The sprawling 4,000 square yard ‘Santushti’ mansion in the plush Tilaknagar locality in Kanpur wears a forlorn look but for the occasional comings and goings of vehicles belonging to the Central Bureau of Investigation (CBI) sleuths. And each time the gates open, revealing a bevvy of luxury vehicles, anxious camera persons and reporters, camping outside Vikram Kothari’s palatial residence, jump into action hoping to catch the ongoing probe against the tycoon, embroiled in one of the biggest loan default cases. ‘Rotomac’ had its glorious run and emerged a top player in the writing instruments market. As time went by, Rotomac Pens Private Limited was rechristened to Rotomac Global Private Limited while Vikram Kothari moved into sectors like real estate, steel and infrastructure, hoping to replicate his success.
Rotomac Global Pvt Ltd, engaged in intermediary trade and manufacturing pens, routinely approached seven banks, including Bank of Baroda’s (BoB’s) international business branch at The Mall, Kanpur, seeking credit ranging from Rs 15 crore to Rs 200 crore from 2008 to 2013, mostly for exports and imports. Bank of Baroda, the complainant alone was cheated of approximately Rs 456 crore by Kothari. Instead of using the money to pay buyers/suppliers, the money was round-tripped to accounts of Rotomac and its sister companies. For example, Rs 15.50 crore in packing credit disbursed to Rotomac’s current account for executing an export order of $4.2 million was remitted to the company’s other accounts through RTGS.
Similarly, BoB gave packing credit of around Rs 34 crore for an export order received from Starcom Resources PTE Singapore for supply of 15,700 tonnes of wheat. This money was remitted to the account of Bargadia Brothers Pvt Ltd. The CBI FIR claimed that Rotomac received around Rs 16 crore from Bargadia immediately after this. “It clearly shows that no export was made and the packing credit sanctioned was misutilised,” BoB said in its complaint to the CBI.
According to sources, the credit was sanctioned and the loan disbursed to Kothari for importing wheat from a company in Singapore, but the amount was not utilised for the purpose. Instead, it was diverted to another company and the money was later remitted to Rotomac. “Money was sought from the banks for importing wheat from a Singapore-based company, Bargadia Brothers. But when it was sanctioned, the money was not utilised to buy wheat. The money first went to Bargadia brothers and then came back to Rotomac. No export order was ever executed. This round-tripping of money amounts to misappropriation of funds, criminal breach of trust, and violation of FEMA guidelines,” an official said. He added: “Most of the transactions of the company are with limited number of buyers, sellers, sister companies, and subsidiaries of Rotomac.” According to sources, the company was betting on the foreign exchange rate. The company was working for ‘interest rate differential’ in local and foreign currency. In reality, no genuine business transaction was being carried out.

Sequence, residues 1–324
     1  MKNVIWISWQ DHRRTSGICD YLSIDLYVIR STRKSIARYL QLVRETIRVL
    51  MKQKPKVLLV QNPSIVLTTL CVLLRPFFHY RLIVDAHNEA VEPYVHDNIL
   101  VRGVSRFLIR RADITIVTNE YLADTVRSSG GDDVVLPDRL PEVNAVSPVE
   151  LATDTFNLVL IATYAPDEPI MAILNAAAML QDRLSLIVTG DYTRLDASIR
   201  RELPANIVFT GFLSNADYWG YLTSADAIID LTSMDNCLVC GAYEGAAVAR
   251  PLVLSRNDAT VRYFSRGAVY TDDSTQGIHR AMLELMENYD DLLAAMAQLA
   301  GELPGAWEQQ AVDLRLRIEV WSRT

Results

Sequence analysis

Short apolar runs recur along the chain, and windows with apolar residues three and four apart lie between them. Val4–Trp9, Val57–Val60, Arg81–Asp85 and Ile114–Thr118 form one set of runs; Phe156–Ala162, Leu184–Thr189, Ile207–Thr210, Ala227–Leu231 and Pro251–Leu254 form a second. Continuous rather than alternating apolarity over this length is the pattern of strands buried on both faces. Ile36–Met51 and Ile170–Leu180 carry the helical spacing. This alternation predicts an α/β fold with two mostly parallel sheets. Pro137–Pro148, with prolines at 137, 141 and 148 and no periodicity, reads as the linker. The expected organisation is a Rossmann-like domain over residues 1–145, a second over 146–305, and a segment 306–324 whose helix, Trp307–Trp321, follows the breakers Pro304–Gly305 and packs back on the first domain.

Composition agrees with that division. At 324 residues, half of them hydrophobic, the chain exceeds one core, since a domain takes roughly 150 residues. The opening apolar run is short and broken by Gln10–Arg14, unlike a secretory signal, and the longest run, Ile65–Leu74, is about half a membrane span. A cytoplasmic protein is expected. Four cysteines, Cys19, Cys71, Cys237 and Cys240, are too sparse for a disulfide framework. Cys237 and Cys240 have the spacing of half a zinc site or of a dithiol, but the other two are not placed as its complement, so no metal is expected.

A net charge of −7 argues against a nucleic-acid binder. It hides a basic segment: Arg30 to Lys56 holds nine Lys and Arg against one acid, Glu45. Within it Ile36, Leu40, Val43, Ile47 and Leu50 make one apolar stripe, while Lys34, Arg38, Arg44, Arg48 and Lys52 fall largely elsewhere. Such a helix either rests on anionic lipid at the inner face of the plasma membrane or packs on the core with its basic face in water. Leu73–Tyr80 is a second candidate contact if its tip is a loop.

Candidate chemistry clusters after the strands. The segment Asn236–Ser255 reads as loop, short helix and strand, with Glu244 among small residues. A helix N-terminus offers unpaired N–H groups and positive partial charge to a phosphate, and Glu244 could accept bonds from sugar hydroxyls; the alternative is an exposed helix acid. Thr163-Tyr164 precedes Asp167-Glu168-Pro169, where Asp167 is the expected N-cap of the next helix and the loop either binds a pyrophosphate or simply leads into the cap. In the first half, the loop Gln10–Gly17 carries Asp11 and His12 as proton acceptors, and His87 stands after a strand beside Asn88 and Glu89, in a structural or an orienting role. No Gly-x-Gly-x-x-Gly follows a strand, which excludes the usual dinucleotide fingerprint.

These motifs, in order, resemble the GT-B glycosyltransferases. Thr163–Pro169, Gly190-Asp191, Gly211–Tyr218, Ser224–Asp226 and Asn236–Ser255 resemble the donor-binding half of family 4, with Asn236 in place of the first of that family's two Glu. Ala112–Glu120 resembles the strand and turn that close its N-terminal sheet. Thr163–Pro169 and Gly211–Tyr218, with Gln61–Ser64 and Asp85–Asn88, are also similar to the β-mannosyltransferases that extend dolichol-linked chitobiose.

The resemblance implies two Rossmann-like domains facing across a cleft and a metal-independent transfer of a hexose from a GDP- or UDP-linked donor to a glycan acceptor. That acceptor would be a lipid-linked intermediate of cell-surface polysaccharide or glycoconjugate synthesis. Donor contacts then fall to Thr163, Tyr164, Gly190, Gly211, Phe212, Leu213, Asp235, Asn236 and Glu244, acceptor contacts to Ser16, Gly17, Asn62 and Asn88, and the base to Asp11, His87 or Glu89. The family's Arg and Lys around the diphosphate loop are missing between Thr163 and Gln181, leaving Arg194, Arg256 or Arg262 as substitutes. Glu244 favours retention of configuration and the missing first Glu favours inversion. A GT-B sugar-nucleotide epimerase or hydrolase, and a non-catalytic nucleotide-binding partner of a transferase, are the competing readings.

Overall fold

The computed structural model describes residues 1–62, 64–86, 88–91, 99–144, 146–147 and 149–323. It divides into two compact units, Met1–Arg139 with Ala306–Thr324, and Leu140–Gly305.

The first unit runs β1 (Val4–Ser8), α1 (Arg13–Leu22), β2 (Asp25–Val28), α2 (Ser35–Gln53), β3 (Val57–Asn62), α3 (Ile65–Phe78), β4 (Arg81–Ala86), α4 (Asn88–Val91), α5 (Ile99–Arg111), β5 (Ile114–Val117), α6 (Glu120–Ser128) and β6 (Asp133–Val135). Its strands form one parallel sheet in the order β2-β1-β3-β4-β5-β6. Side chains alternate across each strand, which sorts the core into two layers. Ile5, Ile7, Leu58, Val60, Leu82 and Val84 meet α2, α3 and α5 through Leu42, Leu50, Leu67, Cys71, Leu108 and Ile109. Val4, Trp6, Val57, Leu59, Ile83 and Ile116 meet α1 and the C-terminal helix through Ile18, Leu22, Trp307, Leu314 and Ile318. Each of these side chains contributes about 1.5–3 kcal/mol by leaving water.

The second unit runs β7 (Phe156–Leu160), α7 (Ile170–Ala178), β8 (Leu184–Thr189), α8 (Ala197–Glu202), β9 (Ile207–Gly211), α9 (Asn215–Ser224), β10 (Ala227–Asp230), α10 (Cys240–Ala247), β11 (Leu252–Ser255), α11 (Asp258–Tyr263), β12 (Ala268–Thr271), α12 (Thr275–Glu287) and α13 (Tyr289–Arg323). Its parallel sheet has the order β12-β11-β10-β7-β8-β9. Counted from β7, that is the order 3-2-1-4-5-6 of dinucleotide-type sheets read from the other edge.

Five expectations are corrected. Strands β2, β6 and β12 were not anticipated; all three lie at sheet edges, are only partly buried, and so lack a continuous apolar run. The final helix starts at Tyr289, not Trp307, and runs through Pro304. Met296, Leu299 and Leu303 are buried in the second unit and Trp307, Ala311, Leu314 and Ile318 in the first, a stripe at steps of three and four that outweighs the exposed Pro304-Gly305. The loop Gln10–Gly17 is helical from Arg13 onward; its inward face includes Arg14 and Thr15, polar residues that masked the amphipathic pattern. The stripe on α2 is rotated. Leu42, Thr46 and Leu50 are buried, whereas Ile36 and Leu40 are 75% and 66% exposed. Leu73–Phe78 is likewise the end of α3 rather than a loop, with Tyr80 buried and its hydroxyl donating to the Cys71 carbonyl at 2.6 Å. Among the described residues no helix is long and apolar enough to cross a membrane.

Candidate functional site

The First Information Report (FIR) copy says the following:
Seven banks acted as the consortium. These include: Bank of India, the consortium leader (Rs 754.77 crore); Bank of Baroda, the complainant (Rs 456.63 crore); Indian Overseas Bank (Rs 771.07 crore); Union Bank of India (Rs 458.95 crore); Allahabad Bank (Rs 330.68 crore); Bank of Maharashtra (Rs 49.82 crore); Oriental Bank of Commerce (Rs 97.47 crore).
Kothari is currently under arrest. This is the second major financial scam to break out after the sensational Rs 114 billion (Rs 11,400 crore) fraud allegedly committed by billionaire jewellery designer Nirav Modi and his uncle Mehul Choksi, who is a promoter of Gitanjali group of companies. Both fled the country before the Punjab National Bank realised the depth of the alleged crime. PNB allegedly issued 143 letters of undertaking (LOUs) and 225 Foreign Letters of Credit, amounting to Rs 4,886.72 crore to three of Choksi’s companies over two months.
The banking industry of the country has seen expolitation of various loopholes in the system during recent times, coming after the fore mentioned scenario, the ICICI Scandal, the Nirav Modi Scam. The Indian banking sector needs to act fast and pull up their socks, so as to keep the wheels of the economy running.
– Aastha Pandey